U.S. President Barack Obama is finding himself in the same position as Israeli Prime Minister Binyamin Netanyahu – having to explain a controversial decision to outraged lawmakers and a questioning public.
Obama faced the nation on Saturday night to defend his directive to negotiate a prisoner swap with the Taliban terrorist organization in order to free the lone American soldier held hostage by the group in Afghanistan for the past five years.
Like that of former Israeli soldier Gilad Shalit, the background behind the capture of Sgt. Bowe Bergdahl was less than heroic. Shalit was not in combat when he was kidnapped by Arab terrorists in a cross-border raid in southern Israel in 2006. According to a blog post by prominent U.S. civil rights attorney Jonathan Turley, Bergdahl was taken prisoner after leaving his base in east Afghanistan on June 30, 2009.
On Saturday, the 28-year-old army soldier was released by his Taliban captors in exchange for five Taliban members who were freed from the U.S. prison at Guantanamo Bay, Cuba. The deal was reached after a week of intense negotiations mediated by Qatar, which allegedly will maintain custody of the Taliban detainees for one year.
U.S. officials said efforts to negotiate the soldier’s release began in November 2010 and that his return became a top priority in May 2011. The opportunity to resume talks over the issue emerged several weeks ago, Turley wrote.
The U.S. president called the deal part of America’s “iron-clad commitment to bringing our prisoners home.” Defense Secretary Chuck Hagel said in making the announcement that he informed Congress on Saturday of the decision, adding that the U.S. had “coordinated closely with Qatar to ensure that security measures are in place and the national security of the United States will not be compromised.” He thanked the Emir of Qatar for that and for his “instrumental role in facilitating the return” of the soldier.
But the United States has also had a legal “iron-clad commitment” not to negotiate with terrorists, as it happens.
Turley quoted a joint statement expressing outrage and concern over the swap by top U.S. Congress member Howard P. McKeon, (R-CA), chairman of the House Armed Services Committee, and Senator James Inhofe (R-OK), ranking member of the Senate Armed Services Committee.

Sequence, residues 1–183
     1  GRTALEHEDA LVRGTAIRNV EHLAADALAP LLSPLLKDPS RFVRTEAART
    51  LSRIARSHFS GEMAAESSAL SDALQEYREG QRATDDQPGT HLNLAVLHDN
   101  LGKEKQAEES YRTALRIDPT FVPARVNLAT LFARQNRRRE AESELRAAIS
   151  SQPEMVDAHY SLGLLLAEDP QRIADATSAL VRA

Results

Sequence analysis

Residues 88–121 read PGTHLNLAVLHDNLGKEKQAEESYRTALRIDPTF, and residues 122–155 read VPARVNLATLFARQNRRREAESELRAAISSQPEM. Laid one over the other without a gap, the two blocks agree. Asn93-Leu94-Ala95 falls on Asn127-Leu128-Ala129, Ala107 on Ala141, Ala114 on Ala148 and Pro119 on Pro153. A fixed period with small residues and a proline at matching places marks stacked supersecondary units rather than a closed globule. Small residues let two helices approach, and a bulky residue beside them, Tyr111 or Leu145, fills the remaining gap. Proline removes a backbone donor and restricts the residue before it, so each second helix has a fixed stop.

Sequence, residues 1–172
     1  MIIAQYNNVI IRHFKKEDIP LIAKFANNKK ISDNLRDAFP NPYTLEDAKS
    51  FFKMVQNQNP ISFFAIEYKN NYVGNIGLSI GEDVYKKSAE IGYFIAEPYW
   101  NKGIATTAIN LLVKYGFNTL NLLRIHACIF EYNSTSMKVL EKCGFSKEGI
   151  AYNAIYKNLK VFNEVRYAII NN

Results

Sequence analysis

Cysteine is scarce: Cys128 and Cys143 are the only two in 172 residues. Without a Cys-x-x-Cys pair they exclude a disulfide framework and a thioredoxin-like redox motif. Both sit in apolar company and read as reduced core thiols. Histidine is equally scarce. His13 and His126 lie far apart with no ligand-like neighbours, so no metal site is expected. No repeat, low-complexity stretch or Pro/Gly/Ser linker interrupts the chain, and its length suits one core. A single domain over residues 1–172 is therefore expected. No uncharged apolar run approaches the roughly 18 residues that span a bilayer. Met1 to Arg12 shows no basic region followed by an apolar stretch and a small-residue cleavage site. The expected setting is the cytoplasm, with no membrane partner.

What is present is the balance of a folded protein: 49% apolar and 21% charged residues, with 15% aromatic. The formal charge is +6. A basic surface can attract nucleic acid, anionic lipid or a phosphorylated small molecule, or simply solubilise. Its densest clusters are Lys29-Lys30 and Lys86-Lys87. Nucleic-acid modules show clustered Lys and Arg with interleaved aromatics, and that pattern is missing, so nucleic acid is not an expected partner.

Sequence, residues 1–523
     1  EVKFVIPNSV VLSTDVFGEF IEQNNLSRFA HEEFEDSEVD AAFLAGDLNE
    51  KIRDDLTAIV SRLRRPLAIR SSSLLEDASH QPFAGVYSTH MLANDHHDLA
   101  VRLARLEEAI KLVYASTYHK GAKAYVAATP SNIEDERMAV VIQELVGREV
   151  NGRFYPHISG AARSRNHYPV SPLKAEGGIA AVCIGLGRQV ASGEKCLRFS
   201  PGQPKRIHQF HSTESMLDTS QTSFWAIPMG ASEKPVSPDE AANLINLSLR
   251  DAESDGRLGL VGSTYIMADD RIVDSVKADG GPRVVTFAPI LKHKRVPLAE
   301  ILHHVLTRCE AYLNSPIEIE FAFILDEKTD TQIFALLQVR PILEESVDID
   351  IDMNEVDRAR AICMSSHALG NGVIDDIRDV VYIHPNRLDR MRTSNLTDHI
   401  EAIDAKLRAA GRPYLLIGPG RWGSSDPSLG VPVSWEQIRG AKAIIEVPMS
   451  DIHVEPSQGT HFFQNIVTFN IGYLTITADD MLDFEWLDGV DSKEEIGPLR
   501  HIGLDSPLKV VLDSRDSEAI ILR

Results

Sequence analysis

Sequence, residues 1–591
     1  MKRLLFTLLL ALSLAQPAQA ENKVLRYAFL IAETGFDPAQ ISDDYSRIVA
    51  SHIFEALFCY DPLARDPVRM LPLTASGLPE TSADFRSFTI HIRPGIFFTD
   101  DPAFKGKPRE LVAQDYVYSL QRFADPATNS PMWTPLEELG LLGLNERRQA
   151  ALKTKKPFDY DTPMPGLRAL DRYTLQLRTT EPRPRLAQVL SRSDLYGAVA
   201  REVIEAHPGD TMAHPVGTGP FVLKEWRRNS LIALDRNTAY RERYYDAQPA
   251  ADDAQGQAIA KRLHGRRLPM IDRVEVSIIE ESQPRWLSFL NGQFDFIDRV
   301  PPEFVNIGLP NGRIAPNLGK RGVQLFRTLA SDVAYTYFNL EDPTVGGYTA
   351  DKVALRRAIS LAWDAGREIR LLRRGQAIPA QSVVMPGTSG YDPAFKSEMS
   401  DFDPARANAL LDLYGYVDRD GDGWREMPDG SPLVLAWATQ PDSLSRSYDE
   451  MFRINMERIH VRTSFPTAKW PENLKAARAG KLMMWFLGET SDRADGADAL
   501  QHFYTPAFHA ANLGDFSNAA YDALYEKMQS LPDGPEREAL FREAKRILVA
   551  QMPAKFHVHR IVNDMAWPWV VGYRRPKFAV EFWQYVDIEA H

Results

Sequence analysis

“Like all Americans, we celebrate the release of Sergeant Bergdahl from terrorist captivity,” the two lawmakers said. “However – we must carefully examine the means by which we secured his freedom.
“American has maintained a prohibition on negotiating with terrorists for good reason. Trading five senior Taliban leaders from detention in Guantanamo Bay for Bergdahl’s release may have consequences for the rest of our forces and all Americans.”
Hm. Sound familiar? Perhaps an echo of the fears expressed by the Israeli public over endless “good will gestures” forced on its government by the U.S. State Department to free convicted Arab terrorists in order to keep the Palestinian Authority at the negotiating table? Or the outrage expressed by families of victims of terror when more than 1,000 bloodthirsty jailed terrorists were freed in exchange for the lone Israeli soldier held hostage for more than five years by the Iranian-backed Hamas rulers of Gaza?
Yes – the same Hamas terror organization with which PA Chairman Mahmoud Abbas now intends to unite his Fatah faction in a Palestinian Authority “unity” government. Mind you, most of those freed terrorist murderers are still at large, armed and dangerous, working on their next “projects.”
America’s lawmakers also pointed out that President Obama “clearly violated laws” requiring him to notify Congress 30 days prior to the transfer of terrorists from Guantanamo Bay. Those laws require him to explain exactly how the threat posed by those terrorists was substantially mitigated.
About the Author: Rachel Levy is a freelance journalist who has written for Jewish publications in New York, New Jersey and Israel.
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